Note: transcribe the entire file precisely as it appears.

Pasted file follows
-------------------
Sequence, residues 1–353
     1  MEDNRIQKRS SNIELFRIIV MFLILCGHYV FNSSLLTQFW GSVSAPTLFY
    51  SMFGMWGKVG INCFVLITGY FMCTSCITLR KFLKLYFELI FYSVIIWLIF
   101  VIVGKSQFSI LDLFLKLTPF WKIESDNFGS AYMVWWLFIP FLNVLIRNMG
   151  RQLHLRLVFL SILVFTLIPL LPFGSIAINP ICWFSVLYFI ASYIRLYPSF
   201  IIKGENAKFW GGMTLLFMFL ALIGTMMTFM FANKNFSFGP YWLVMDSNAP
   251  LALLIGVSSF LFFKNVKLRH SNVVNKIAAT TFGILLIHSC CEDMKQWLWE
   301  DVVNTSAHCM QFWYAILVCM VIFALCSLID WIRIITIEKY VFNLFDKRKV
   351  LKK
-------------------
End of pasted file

Sequence, residues 1–353
     1  MEDNRIQKRS SNIELFRIIV MFLILCGHYV FNSSLLTQFW GSVSAPTLFY
    51  SMFGMWGKVG INCFVLITGY FMCTSCITLR KFLKLYFELI FYSVIIWLIF
   101  VIVGKSQFSI LDLFLKLTPF WKIESDNFGS AYMVWWLFIP FLNVLIRNMG
   151  RQLHLRLVFL SILVFTLIPL LPFGSIAINP ICWFSVLYFI ASYIRLYPSF
   201  IIKGENAKFW GGMTLLFMFL ALIGTMMTFM FANKNFSFGP YWLVMDSNAP
   251  LALLIGVSSF LFFKNVKLRH SNVVNKIAAT TFGILLIHSC CEDMKQWLWE
   301  DVVNTSAHCM QFWYAILVCM VIFALCSLID WIRIITIEKY VFNLFDKRKV
   351  LKK